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The Lost Kingdom

3.71  ·  Rating details ·  632 ratings  ·  166 reviews
A remarkable adventure by award-winning author Matthew J. Kirby brings a fantastical American West filled with secrets and spies and terrifying creatures to vivid life.

In this extraordinary adventure story, Billy Bartram, his father, and a secret society of philosophers and scientists venture into the American wilderness in search of the lost people of the Welsh Prince Mad
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Hardcover, 348 pages
Published August 27th 2013 by Scholastic Press
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3.71  · 
Rating details
 ·  632 ratings  ·  166 reviews


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Mike
Aug 12, 2013 rated it really liked it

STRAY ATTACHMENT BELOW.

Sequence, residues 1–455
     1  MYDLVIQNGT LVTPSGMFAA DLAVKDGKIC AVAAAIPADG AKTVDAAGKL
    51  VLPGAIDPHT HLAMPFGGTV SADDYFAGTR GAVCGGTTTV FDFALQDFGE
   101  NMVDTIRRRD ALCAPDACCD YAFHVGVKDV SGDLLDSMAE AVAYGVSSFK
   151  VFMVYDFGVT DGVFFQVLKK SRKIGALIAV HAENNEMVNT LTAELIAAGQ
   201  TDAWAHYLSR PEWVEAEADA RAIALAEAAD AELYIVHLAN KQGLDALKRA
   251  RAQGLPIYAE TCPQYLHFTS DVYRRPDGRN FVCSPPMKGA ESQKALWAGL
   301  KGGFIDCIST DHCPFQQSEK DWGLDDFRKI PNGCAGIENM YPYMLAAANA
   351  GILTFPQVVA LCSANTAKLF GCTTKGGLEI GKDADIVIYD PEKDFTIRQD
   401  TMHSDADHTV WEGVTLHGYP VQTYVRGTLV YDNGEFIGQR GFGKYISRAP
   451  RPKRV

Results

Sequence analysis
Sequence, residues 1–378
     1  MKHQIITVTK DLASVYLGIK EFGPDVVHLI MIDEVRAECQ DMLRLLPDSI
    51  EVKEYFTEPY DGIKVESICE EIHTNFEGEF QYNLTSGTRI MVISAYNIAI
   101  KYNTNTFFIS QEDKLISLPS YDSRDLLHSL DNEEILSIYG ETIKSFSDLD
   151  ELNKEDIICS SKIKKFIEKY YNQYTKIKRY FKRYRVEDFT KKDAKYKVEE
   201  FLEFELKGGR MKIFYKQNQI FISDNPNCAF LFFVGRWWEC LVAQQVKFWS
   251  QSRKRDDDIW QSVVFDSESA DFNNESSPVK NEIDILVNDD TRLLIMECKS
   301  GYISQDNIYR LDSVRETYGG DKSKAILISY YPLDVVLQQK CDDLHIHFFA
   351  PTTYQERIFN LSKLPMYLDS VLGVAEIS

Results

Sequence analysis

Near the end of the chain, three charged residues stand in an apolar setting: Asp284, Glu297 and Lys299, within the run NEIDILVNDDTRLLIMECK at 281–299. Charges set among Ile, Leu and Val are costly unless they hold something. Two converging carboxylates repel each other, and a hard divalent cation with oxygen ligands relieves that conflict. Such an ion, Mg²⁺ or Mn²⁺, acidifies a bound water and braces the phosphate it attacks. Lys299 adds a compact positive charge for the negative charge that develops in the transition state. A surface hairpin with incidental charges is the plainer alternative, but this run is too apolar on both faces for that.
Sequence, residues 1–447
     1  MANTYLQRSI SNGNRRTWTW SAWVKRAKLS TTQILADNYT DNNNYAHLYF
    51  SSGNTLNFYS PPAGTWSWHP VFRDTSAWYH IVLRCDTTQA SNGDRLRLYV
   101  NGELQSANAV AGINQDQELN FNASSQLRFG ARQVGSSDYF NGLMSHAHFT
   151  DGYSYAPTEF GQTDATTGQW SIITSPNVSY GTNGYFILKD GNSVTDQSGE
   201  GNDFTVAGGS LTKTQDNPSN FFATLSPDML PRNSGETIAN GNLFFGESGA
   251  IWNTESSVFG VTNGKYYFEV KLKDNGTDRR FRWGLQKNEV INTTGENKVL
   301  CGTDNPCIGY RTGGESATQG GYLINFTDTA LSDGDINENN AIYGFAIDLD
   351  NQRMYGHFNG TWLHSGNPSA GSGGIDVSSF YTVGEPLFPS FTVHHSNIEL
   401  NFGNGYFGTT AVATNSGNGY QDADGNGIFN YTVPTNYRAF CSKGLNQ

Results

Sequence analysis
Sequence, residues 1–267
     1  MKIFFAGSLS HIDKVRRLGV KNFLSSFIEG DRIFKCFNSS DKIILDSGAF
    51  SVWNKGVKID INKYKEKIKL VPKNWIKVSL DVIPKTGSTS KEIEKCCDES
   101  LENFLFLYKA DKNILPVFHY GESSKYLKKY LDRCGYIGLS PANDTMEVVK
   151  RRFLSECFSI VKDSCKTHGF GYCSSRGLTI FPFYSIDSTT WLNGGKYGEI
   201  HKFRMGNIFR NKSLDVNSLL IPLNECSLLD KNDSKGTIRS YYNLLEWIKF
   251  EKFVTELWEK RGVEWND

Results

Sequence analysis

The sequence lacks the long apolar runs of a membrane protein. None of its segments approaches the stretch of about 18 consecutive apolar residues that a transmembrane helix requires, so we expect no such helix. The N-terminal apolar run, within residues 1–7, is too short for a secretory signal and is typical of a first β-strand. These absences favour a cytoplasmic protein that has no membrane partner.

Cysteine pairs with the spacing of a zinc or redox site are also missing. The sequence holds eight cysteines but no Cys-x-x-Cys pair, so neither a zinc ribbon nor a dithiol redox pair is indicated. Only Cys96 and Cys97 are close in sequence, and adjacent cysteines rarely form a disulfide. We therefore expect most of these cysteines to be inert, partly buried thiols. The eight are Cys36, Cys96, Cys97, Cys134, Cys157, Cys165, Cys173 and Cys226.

Here’s why I didn’t want to read The Lost Kingdom: I’m not that into historical fiction and I’m not that into fantasy. But mostly, I didn’t want to read it because it’s thick. I have a job to do. I need to help kids want to read. That means getting the right book into the hands of the right student. The shorter the text, the more books I can expose myself to. Plus, generally speaking, the student who can access 300+ page fantasy novels doesn’t need too much of my help finding books.

There were o
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Shanshad Whelan
Note: An advanced reader copy was provided by the publisher.
Review originally published at Views from the Tesseract: http://shanshad1.wordpress.com/2013/0...